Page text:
HOW I MAKE IT WORK...
Singer Marcia Hines on being a teenage mother.
When I found out I was pregnant in 1970, I was surprised. Very surprised. I didn’t quite know what to do, but I was always brought up knowing there are consequences to the things you do. I’ve always loved children, so for me it was easy [but] I do not condone teenage pregnancy – when you become a mother, you are no longer a teenager.
I didn’t care if there was a stigma around teen pregnancy. You have to decide whether other people are going to control your life or if you’re going to. At a very early age, I controlled my own life. My mother was the only person I cared about and she accepted it. When I told my mum, she said, “Do what you can and if you can’t cope, bring the baby home [to Boston] and I’ll help you out.”
I was onstage the night I had my daughter, Deni. I was back onstage nine days later. When Deni was born, she had me all day, and a nanny when I went to work. Eventually my mother came to live with us; I was blessed with good people around me.
Motherhood taught me selflessness. You could be dressed to the nines, ready to go out and they would vomit all over you. It teaches you so much more about yourself than you’d ever know. Those women who want to have children should go and do it. And those women who don’t want to? That’s fine, too.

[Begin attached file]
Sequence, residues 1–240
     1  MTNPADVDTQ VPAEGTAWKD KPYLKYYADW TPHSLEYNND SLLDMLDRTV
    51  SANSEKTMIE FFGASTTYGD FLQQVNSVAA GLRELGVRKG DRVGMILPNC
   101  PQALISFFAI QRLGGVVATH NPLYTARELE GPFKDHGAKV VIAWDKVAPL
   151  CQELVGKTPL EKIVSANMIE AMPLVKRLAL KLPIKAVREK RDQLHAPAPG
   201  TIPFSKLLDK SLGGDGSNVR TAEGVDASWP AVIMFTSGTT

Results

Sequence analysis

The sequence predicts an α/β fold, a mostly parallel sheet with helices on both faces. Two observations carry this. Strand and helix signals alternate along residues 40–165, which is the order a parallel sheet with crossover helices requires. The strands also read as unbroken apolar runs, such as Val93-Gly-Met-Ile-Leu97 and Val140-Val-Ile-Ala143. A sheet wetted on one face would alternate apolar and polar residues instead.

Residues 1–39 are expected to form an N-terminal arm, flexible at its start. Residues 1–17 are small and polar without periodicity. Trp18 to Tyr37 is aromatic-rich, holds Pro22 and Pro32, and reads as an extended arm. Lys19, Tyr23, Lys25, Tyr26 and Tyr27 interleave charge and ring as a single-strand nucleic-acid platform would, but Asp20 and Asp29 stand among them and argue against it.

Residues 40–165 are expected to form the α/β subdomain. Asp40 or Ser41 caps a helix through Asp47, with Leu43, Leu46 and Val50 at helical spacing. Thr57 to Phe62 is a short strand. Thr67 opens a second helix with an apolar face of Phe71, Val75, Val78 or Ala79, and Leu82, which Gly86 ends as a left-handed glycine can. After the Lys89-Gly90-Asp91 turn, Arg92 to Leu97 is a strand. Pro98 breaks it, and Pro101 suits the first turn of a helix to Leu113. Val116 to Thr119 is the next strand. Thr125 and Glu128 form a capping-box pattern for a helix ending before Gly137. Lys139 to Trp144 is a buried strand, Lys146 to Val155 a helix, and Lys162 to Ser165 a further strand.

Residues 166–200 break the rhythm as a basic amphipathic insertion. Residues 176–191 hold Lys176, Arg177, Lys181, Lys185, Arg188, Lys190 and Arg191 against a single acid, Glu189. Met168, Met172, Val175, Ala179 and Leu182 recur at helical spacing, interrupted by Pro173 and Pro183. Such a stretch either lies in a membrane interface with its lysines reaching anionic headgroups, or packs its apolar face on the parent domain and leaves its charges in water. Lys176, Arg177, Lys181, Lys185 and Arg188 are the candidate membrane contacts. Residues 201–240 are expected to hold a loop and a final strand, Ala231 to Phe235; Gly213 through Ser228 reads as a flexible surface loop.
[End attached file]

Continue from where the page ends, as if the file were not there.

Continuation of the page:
I was surprised when Deni followed me into the music industry. We sang at home a lot, but I thought she wanted to be a coroner. Music was an integral part of our home, so she decided to do that. She has such a beautiful voice, one of the most unique voices I’ve ever heard.
I didn’t give her any advice when she started out. She’s my daughter; do you think she’s going to listen to me? Anybody who has a daughter will know what I’m talking about…
The older your daughter gets, the better you communicate. The teen years
are rough. The older Deni gets, the more she realises how hard it is to be a parent. We do all we can. My relationship with Deni is really cool now; I like it. We are similar in a lot of ways.
Having Deni made me grow up quickly. I think all of the above is why I am the way I am. I wouldn’t change it for the world. I’ve only had one child, and I’m really glad that I did.